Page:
Government says it cannot abandon tobacco farming even as the World Health Organisation (WHO) leads an anti-smoking lobby that threatens the leaf’s growing.
WHO is championing an anti-smoking campaign that threatens tobacco farming—an activity that contributes around 13 percent of Malawi’s gross domestic product (GDP), rakes in around 60 percent of foreign currency earnings and accounts for 25 percent of tax revenue
But speaking during a Tobacco Coalition for Eastern and Southern Africa conference also known as T5 Meeting held yesterday in Lilongwe, Minister of Agriculture, Irrigation and Water Development Allan Chiyembekeza said Malawi cannot abandon the crop because it is a pillar for Malawi’s economy.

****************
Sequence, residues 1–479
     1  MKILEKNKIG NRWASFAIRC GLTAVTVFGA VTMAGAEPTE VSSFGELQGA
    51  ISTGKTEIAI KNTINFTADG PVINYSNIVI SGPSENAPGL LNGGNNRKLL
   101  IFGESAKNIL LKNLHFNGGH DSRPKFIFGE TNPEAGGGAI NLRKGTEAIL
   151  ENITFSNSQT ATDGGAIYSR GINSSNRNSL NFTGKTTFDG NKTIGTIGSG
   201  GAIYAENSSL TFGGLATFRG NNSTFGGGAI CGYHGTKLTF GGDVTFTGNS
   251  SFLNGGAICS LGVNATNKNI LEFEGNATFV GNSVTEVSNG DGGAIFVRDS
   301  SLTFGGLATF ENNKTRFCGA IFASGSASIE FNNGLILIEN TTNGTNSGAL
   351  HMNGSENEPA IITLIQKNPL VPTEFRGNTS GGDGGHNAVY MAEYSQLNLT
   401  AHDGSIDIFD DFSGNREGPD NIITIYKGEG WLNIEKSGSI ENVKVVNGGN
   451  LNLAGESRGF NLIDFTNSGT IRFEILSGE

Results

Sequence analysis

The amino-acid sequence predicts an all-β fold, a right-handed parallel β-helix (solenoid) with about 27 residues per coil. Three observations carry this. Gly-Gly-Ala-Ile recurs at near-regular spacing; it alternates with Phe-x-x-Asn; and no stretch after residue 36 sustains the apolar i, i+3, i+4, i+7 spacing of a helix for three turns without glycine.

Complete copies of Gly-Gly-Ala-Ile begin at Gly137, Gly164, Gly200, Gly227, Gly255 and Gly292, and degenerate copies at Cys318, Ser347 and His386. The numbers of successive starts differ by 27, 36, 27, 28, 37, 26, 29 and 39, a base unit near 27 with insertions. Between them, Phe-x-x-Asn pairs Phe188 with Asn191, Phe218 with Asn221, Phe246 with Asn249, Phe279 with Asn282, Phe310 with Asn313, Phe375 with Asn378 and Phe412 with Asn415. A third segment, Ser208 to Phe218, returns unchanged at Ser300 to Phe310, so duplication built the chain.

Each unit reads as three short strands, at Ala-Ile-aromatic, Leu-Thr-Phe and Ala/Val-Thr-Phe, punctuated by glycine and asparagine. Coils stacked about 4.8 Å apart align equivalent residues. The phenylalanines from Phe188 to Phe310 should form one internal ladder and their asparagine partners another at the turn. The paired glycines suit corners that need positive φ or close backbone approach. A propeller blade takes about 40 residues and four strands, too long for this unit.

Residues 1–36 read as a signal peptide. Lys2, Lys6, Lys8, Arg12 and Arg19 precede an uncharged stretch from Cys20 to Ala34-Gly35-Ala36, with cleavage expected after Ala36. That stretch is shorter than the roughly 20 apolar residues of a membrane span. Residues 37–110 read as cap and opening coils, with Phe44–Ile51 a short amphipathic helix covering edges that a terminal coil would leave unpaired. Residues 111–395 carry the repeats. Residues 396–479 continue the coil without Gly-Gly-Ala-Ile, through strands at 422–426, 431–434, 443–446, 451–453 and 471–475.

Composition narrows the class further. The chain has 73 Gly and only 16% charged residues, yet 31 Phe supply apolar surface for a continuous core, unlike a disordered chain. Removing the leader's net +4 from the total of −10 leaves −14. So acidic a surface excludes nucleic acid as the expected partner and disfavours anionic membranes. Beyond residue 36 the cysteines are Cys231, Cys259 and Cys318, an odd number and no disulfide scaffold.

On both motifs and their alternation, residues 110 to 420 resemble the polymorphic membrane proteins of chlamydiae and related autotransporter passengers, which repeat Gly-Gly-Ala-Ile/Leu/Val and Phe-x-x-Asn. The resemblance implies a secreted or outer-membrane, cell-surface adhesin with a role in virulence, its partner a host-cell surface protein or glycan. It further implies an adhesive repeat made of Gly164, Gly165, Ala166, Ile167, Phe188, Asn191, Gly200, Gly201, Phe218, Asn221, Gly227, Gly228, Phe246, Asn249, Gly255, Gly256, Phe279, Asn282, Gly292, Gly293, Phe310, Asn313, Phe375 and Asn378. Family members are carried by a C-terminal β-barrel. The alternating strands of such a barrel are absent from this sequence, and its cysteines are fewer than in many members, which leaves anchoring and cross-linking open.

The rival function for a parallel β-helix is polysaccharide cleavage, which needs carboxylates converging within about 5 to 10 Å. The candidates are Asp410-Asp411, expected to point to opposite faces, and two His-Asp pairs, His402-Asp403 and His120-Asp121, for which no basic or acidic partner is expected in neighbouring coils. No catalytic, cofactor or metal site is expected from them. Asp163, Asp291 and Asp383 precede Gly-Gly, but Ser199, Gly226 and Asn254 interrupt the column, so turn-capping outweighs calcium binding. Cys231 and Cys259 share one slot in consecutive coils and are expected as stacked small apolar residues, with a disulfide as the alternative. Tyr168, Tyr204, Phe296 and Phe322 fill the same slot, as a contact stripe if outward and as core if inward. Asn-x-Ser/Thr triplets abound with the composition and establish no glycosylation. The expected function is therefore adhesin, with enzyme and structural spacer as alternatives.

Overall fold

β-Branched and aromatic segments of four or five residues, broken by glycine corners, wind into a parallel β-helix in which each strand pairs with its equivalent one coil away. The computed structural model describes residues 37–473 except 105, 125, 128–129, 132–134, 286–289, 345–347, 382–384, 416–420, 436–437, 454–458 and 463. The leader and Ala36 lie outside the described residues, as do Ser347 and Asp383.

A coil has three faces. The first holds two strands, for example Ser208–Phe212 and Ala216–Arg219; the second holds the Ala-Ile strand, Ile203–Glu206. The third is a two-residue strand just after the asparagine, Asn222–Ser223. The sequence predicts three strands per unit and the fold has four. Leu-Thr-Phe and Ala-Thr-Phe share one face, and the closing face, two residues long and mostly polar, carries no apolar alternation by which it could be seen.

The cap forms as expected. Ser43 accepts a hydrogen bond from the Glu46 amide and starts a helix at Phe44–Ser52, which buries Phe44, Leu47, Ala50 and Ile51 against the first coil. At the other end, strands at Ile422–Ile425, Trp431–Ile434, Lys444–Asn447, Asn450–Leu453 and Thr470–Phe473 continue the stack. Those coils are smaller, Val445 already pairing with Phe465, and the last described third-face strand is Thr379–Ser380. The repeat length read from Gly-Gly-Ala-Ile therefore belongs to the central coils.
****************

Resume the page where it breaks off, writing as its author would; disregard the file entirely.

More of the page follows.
“Malawi is the biggest producer of burley tobacco in the world; and the economy of this country depends on this crop. Tobacco is, therefore, the crop that the country cherishes, and which my ministry cannot afford to ignore.
“Even if tobacco-finished products are deemed a risk for health, tobacco production sustains the livelihoods of hundreds of thousands of people and farmers. One particular concern for us is the current threat to exclude tobacco from international trade agreements. This is not only unfair but also risks becoming a precedent for other excessively restrictive legislation,” Chiyembekeza said.
President of International Tobacco Growers Association (ITGA) Francois Van der Merwe acknowledged the health hazard of tobacco, but he said it is important for tobacco ban lobbyists to think of the crop’s economic benefits.